The Challenge of Writing For Laughs by Penelope Bloom
14 Jul 2020
By Penelope Bloom
If you’ve never heard of me, I started writing romance in 2016. Since, I’ve penned just under 40 books, and about two years ago, I started diving into the world of romantic comedy. My debut rom-com series was The Objects of Attraction series, which ended up having four top ten bestselling books and has now been translated into over ten languages and even adapted for a mobile game (weird, I know).
So let me tell you from experience that writing for laughs is tricky.
If you want an easy way to imagine the way it feels, just picture yourself at a dinner party with a friend and some new potential friends. Now imagine your lovely (but misguided) best friend points at you and says, “This is Penelope. She’s absolutely hilarious. Seriously, you’ll laugh so hard you’re going to pee yourself. Go ahead, Penelope! Say something funny!”
And that’s kind of what happens when you decide to foolishly call yourself a rom-com author. Even from the first book, there’s an expectation the moment you classify your book as some form of comedy. People walk in the “door” expecting to laugh. And if you’ve never tried being funny on command, it’s a completely different thing than being funny spontaneously.
Growing up, I always felt like I was pretty good at making a little comment in school to get people to laugh. Or I could pick out something a friend said in conversation and turn it into a funny moment. But I had to almost learn how to be funny again when I wanted to inject that into my books.
And that brings me to one of the other challenges of writing for laughs. Not everybody will think you’re funny. Just go to a comedy show and watch the audience. There are always going to be the handful of people in the corners scowling with their arms crossed while everyone else laughs so hard they cry.
I had to learn not to take every review as gospel. Sure, I’d love it if every single person who read my books laughed every time I wanted them to. But that’s just not reality. There are people out there who have probably created hate shrines in their bedrooms dedicated to me, that horrible author who tried and failed to make them laugh.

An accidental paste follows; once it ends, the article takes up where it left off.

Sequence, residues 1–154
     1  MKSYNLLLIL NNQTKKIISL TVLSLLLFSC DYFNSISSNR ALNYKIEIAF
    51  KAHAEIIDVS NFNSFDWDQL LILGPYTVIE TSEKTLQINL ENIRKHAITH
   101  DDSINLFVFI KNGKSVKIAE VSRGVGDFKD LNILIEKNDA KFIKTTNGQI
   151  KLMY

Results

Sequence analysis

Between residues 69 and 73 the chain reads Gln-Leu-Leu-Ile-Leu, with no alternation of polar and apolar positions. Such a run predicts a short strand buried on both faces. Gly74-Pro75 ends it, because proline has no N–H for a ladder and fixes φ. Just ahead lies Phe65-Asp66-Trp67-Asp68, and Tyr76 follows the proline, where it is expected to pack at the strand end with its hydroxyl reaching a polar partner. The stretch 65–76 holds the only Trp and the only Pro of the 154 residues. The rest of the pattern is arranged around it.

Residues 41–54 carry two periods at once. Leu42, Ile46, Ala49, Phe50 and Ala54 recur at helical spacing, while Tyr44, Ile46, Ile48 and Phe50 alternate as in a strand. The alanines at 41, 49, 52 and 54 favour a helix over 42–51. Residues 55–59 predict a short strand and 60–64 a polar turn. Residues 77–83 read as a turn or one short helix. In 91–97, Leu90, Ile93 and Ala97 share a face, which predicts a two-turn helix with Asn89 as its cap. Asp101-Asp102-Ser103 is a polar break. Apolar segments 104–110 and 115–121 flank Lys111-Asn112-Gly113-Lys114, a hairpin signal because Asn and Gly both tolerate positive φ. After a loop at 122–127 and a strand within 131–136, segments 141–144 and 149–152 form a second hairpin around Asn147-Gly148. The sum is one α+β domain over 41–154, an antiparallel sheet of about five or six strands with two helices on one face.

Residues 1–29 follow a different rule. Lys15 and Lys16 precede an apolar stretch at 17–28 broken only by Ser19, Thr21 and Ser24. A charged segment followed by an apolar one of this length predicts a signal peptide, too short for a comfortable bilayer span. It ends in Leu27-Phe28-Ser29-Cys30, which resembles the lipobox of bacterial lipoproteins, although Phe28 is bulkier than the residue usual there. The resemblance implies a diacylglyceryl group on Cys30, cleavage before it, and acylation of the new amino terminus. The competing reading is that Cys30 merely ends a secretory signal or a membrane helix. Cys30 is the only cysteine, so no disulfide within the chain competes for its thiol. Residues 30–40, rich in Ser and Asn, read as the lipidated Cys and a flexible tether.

So in the end, switching from plain old contemporary romance to romantic comedy has been a huge adjustment. I’ve had my feelings hurt from reviews. I’ve missed the mark and written books that weren’t as funny as I’d hoped. I’ve even felt burnt out by the expectation to be funny at times. But I have realized this style of book is what makes me happiest to write.
I love hearing about people who laughed so much in public while reading my books that they got weird looks. Or people who had their significant other come check on them to see if they were okay because they were cracking up while reading in bed. Or people who reach out to tell me I helped them smile at a time they really needed to smile.
I know it’s not much in the grand scheme of things, but it’s a really wonderful feeling to know I can bring happiness to people, even in small doses. So writing for laughs is one of the most challenging things I’ve ever tried to do, but it’s also one of the most rewarding.
P.S. If you want to find out if I inspire laughter in you or the desire to build hate shrines, feel free to check out my latest rom-com, My (Mostly) Secret Baby!
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